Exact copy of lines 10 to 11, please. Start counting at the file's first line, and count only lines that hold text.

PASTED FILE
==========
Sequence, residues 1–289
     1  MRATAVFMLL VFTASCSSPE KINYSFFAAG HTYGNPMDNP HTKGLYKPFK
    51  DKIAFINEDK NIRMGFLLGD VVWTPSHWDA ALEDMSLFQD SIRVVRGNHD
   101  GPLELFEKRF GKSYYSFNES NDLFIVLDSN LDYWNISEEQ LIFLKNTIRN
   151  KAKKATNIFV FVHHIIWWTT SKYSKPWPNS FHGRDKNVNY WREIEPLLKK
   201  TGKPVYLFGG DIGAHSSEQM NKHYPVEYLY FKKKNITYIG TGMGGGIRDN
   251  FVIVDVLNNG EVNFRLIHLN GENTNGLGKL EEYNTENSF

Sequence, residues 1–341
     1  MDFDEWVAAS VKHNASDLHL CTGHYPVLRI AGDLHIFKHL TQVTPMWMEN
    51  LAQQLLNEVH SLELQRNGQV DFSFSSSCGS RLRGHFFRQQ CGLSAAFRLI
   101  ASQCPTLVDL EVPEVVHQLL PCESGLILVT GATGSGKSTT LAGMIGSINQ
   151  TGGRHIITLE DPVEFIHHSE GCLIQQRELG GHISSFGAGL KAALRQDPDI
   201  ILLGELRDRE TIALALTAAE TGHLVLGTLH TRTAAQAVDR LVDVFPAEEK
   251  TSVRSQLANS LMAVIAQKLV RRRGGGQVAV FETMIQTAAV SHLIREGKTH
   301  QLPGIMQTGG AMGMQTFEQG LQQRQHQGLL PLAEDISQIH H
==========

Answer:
    51  LAQQLLNEVH SLELQRNGQV DFSFSSSCGS RLRGHFFRQQ CGLSAAFRLI
   101  ASQCPTLVDL EVPEVVHQLL PCESGLILVT GATGSGKSTT LAGMIGSINQ